Today's blog features guest blogger Arnel Arevalo taking on the tough topic of taking a breather at work. Arnel is the Business Office Assistant at The Canterbury, a senior living facility in Rancho Palos Verdes.
We all want to finish our daily tasks at work. We might even want to finish some of tomorrow's extra tasks while we're at it. But if you do manage to finish all those designated tasks, odds are you're not taking advantage of that free time as actual free time. After all, it's the norm to look for something else to do: you fix up your desk, you add more paper in everyone's printer, you make tomorrow's to-do list, you even take the time to go through training after training focused on boosting productivity and efficiency, all because conventional wisdom tells us that improving productivity is the way up the ladder to promotions and raises.
During your performance evaluation, are you more likely to proudly say you work through your breaks, or would you say you make sure to take regular breaks during the workday to reset and refresh? You'd probably say the former, but you should be saying you take regular breaks, given the positive boost a break can lend your productivity.
Instead of just seeking to finish that endless list of today's tasks, tomorrow's tasks, and the next week's tasks, how about taking a few minutes to slow down and take a break, even if it's something you're not used to? Sure, we all want to be efficient and earn our keep, but taking a break should be just as much a part of our day as sleeping or eating. In fact, regular periods of rest throughout the day can prevent burnouts and improve our response to stress.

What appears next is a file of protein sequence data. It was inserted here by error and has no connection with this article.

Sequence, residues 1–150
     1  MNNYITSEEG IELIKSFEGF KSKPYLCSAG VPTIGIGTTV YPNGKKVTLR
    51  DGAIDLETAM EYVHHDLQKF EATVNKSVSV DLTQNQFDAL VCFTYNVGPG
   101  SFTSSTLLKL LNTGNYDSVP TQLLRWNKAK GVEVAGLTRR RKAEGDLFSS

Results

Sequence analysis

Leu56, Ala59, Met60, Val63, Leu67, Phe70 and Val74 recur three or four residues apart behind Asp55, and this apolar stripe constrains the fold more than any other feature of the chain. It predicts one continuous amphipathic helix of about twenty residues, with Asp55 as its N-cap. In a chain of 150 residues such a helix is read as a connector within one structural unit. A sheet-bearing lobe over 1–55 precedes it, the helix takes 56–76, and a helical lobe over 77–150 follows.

So let's ask ourselves: why do bosses often overlook the fact that a well-rested worker is a more effective worker? Why do we ourselves perceive rest as something we should feel guilty about? I know personally, every time my supervisor passes by my desk, I feel like I should be doing something and try to make it evident that I've got a lot of hard work going on. I don't even want to clean my desk too much for fear of giving the impression that I have nothing to do. But it doesn't have to be like this—and managers and supervisors should not only recognize the value of a break, but encourage and enforce it with their employees, as well.
But even with supportive leaders in your workplace, it's on you to make the time to take a break. How do we get to that point? Obviously, working efficiently helps, and that's when your work ethic and skills really shine, and that training we talked about earlier can help you to be your best. Free time begets free time: to perform your best, you need a healthy body and a healthy mind, and to maintain a healthy body and a healthy mind, you need (you guessed it) to be well rested. And that means making the time to take those breaks so you can do your best.
So the next time someone asks you whether you work through your breaks or you take the time to give yourself some rest and relaxation, what are you going to say?
Arnel Arevalo currently works at the Canterbury, a beautiful retirement community in Rancho Palos Verdes, California. He has worked as a direct care staff, an activities director, and now as assistant to the Director of Business Services. He and his wife are busy raising an 11-year old boy and a 7-year old girl. They all take frequent rest breaks and hope you do too.